It wasn't only peat farmers that were caught out this way. William Stanley Jevons, the co-pioneering of the "marginal revolution" in economics, pondered how Britain might best use its precious, yet limited, coal resources in his 1865 treatise, The Coal Question. At the end of his book, Jevons confronted the fact that Britain's use of coal was on an unsustainable path relative to its supplies. Given coal's central importance to the British economy, he was left to conclude that the country faced an uncomfortable choice in prolonging the lifespan of its reserves: "We have to make the momentous choice between brief greatness and longer continued mediocrity."

Of course, looking at these two stories, we can now see that two key components were missing from the analysis, namely: i) Substitution, and ii) Innovation. I won't comment in-depth on either of these aspects, except to say that, yes, they have absolutely and continually expanded the boundaries of our horizons.

Going back to Friedman's posts, it should be clear from what I've already written that I am already largely in agreement with him. But not completely. Here are my three main points of contention.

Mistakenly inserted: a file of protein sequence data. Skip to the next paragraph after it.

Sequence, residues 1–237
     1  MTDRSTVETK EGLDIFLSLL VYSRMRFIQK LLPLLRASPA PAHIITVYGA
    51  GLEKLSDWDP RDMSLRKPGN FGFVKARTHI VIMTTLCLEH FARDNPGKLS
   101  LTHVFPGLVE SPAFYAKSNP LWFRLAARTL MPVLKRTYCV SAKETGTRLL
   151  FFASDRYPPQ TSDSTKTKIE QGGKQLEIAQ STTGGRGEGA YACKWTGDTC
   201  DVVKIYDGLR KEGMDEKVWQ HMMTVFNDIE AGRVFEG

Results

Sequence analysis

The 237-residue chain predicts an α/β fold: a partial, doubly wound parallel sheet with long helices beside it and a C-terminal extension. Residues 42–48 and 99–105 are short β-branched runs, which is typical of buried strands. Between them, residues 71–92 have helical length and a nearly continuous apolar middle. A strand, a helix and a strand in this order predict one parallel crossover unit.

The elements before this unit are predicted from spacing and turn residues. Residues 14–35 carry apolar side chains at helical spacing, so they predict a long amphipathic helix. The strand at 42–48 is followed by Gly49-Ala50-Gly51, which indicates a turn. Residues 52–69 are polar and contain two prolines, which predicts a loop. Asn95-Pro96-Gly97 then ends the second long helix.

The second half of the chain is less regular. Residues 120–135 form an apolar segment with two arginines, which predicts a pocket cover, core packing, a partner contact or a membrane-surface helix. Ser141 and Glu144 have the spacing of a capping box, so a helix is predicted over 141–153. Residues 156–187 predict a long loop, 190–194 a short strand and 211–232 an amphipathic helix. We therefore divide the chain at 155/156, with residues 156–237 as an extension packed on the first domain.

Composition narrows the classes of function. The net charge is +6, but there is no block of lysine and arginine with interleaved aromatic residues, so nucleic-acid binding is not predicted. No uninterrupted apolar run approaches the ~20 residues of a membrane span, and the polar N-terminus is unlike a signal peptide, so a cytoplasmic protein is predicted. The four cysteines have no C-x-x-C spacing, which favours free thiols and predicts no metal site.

1) The historical precedent of technological innovation and/or new resource discoveries in some cases offers no guarantees that resource limitations will be overcome as easily (or fortuitously) in the future. The peat farmer would have appeared more sage in hindsight had he lived, say, 500 years earlier. It might not be that $$-$$ as Friedman says perfectly reasonably $$-$$ that we should expect to be doing the same things indefinitely into the future. However, that is a very poor argument for unchecked profligacy. It's clear that we live in an age of increased technological breakthrough and, yet, not every generation can simply rely on the timely discovery of fossil fuels, or whatever the relevant equivalent is. Actually, if we're talking historical precedent, then I should say that the historical record makes this rather clear. Take a look at Jared Diamond's Collapse to get an idea of how societies through the ages have brought about their own downfall by failing to adequately respect (and adjust to) their natural environment. Similarly, this post discusses what imperfect substitutability between different goods might mean in the context of climate change.

2) Since I don't believe that sustainability is about us "doing the same activities into the indefinite future", let me briefly explain what I think it should be about. To the extent that substitution between goods is possible, sustainability is concerned with the transformation of wealth into... well, sustainable forms of wealth. A famous example from own my specialisation of resource economics is the so-called Hartwick Rule. Put simply, this is an investment rule that says you should invest the profits from non-renewable resources into renewable forms of capital. At its heart, the Hartwick Rule is thus about preserving some form of intergenerational equity. The sovereign wealth funds of many resource rich countries are based on this logic. For example, Norway's "Global" Government Pension Fund, which invests the country's petroleum income in equity shares and stocks around the world.